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click opera
February 2010
Sun, Feb. 7th, 2010 12:44 pm
What's not to self-love?


Sun, Feb. 7th, 2010 03:10 pm (UTC)

Yes, but I'm very suspicious of the idea of disembodied, disinterested knowledge. This is an arts / sciences divide, CP Snow's "two cultures". You can see the rift in this entry, where I berate psychologists for their criticisms of narcissists, and imply that this is a form of narcissism in itself (love me for my disinteredness, baby!). That's an arts type looking at a science type and seeing his own motivations concealed beneath a carapace of "objectivity".

The kind of blogging I do has to be based in personal obsession, in spats and rivalry, in a kind of light, oblique but perpetual autobiography. There has to be a subject for all this data to make any sort of situated sense, and that subject has to be seen to have a body, clothes, a way to wear those clothes, and so on. As soon as I get tugged out of that embodied, situated world I get bored and anxious and mistrustful. I want to know always who's speaking, how old they are, what culture they were raised in, what their vested interests are, and so on. I do think pictures supply some of this background. I find the rational-enlightened taboo on pictures as curious as the religious-superstitious one it replaces but never quite displaces.

ReplyThread Parent
Sun, Feb. 7th, 2010 03:15 pm (UTC)

Very interesting microcosm of the syndrome I'm describing: the status of Anons on this blog. For me, the Anon is suspicious because I can't see what s/he looks like or what life his/her comment is rooted in. For the Anons (or some of them), I'm the suspicious one, because my comments are far too obviously rooted in an ego, a persona. The Anon's habitual mode of attack is therefore ad hominem, but since it comes from -- apparently -- no-one it could also be described as ab nemo.

ReplyThread Parent

Sun, Feb. 7th, 2010 03:24 pm (UTC)

On the other hand, you must like the contributions the Anons make on your blog, because you allow them to post and more often than not respond as well. In fact, I'd say that although the Anons supply most of the ad hominem invective, they also supply most of the interesting argument and intellectual grappling with your ideas. I suspect your problem with the Anons, in so far as you have one, is less that you can't situate them, and more that as a narcissist, you simply can't imagine why anyone would want to post something anonymously, for God's sake!

ReplyThread Parent
Sun, Feb. 7th, 2010 03:26 pm (UTC)

Ha ha, yes, what's wrong with them?

ReplyThread Parent

Sun, Feb. 7th, 2010 03:34 pm (UTC)

The anons contribute most of the interesting material essentially because who in fuck wants to be on livejournal? Not even Momus anymore.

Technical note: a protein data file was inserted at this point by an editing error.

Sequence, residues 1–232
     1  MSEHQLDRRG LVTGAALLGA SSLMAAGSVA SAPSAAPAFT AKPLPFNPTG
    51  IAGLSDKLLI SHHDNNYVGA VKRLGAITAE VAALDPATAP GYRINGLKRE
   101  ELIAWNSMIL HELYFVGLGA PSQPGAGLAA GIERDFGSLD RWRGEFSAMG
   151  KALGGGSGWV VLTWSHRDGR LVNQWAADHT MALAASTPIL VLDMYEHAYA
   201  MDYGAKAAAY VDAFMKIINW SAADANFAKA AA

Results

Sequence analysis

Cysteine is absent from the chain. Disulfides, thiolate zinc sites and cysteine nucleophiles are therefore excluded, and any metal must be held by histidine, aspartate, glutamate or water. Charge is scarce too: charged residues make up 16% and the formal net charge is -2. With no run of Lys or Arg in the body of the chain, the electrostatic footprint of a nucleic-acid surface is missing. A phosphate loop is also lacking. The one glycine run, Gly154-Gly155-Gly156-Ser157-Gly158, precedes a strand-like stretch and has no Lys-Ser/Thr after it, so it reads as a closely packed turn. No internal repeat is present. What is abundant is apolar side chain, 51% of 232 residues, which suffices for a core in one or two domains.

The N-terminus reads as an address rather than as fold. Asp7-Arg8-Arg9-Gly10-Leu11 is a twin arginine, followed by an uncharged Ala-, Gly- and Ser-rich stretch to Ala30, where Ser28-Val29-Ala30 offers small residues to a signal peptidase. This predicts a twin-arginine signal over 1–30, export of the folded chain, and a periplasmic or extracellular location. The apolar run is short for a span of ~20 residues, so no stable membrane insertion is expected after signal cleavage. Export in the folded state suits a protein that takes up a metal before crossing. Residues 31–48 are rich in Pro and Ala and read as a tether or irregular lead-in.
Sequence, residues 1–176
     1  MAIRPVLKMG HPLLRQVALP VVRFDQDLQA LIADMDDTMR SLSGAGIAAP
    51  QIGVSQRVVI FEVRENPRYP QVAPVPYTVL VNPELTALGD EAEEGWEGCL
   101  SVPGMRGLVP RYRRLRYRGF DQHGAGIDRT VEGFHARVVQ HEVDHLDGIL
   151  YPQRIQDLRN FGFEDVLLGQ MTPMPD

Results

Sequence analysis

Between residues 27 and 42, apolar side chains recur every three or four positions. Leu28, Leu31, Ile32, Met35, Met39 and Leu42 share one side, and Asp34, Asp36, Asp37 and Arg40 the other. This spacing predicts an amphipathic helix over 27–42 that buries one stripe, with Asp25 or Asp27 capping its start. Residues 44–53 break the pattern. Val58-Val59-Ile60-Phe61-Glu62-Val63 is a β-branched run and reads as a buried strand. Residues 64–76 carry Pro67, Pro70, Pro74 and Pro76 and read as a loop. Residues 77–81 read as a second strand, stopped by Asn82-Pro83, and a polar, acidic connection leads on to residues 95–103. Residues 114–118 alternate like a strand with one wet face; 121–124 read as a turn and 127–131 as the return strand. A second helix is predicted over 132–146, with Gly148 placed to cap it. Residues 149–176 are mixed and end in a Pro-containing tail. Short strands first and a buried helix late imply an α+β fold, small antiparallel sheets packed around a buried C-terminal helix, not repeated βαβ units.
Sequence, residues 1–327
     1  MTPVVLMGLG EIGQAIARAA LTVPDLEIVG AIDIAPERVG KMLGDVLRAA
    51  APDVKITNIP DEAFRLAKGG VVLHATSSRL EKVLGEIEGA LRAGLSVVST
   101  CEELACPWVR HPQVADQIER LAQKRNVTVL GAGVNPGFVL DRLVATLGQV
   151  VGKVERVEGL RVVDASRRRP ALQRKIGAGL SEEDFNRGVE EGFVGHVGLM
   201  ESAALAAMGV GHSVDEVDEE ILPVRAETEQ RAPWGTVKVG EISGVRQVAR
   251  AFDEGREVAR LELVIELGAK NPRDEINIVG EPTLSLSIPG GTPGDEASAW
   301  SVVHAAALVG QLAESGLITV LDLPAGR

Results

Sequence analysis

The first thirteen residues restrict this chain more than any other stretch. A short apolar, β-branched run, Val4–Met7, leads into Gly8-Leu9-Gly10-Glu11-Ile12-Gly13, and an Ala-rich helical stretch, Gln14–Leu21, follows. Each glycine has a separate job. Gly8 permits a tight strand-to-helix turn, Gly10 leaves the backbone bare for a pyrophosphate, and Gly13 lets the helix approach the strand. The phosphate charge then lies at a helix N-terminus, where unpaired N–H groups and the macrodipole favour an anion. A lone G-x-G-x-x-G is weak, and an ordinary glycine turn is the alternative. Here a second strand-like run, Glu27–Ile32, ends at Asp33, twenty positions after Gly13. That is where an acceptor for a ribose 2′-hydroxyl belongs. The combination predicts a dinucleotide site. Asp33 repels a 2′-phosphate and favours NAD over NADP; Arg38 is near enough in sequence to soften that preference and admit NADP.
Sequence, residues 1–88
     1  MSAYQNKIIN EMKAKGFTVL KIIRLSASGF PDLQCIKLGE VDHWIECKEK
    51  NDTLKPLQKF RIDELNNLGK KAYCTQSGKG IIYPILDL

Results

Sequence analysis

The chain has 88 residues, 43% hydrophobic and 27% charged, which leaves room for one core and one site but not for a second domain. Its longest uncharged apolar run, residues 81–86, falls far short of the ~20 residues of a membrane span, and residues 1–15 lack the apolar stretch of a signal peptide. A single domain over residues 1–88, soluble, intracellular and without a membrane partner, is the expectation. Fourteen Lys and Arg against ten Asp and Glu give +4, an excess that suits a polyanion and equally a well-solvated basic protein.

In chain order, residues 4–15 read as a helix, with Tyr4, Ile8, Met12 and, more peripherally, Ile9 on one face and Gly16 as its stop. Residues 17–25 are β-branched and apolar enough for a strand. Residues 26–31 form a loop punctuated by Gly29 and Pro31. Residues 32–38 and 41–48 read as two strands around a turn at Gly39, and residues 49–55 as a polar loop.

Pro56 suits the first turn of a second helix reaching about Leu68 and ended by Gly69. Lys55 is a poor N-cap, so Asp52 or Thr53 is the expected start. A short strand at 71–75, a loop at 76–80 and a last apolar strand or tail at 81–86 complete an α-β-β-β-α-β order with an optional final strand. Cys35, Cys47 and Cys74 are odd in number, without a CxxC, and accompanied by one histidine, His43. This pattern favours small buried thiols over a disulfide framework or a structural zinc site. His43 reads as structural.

ReplyThread Parent
animals rule, timothy conquered, f.y.mf'ing p.s.
Mon, Feb. 8th, 2010 12:06 am (UTC)

I wonder if this is a generational thing. I notice it more in baby boomers (and you would be a tail-end boomer or elder Gen Xer in my mind) who are involved in arts and culture (profs, artists, media personalities) than in my generation (somewhere between X and Y). They seem more concerned with being able to "characterize" the reader, the listener, the audience member. They get annoyed if you don't give them enough of yourself to work with. When I was younger, I used to appreciate and embrace this "character-driven" approach to interpersonal relations. Over time, I lost faith in its value and power. I think what disappointed me was the feeling that "character" is not enough, that I had to offer more utilitarian or tailored value to people, sometimes to the point of total self-effacement. So for some time I've been torn, stuck in between. The inverted narcissist, perhaps. I am on the verge of deciding that I can't keep going that way, and need to just accept that I possess a certain amount of self-involvement, instead of trying to become a different, less self-interested person that I would consider "better" than me.

Your narcissism, such as it is, is the basis of your power to support yourself financially. You never traded self-involvement for being just a skill set for hire. You could probably have continued in music as a producer or engineer or instrumentalist, or made a living doing less personality-driven journalism. In fact, I might even have preferred that Momus to the one who traded one platform/forum (records) for another (blogging, conceptual art). But so be it. You have a lot to be proud of and pleased with, having been rather true to yourself right up to the present moment.

ReplyThread Parent

Mon, Feb. 8th, 2010 12:19 am (UTC)

part of the new left is seeing people as just that, instead of labels. (this is also a post-identity politics sentiment, as well, not surprisingly.)

ReplyThread Parent

Mon, Feb. 8th, 2010 12:17 am (UTC)

funny, you're always railing against identity politics, but can't seem to get past it and see people as simply human -- well, digihuman, at least.

ReplyThread Parent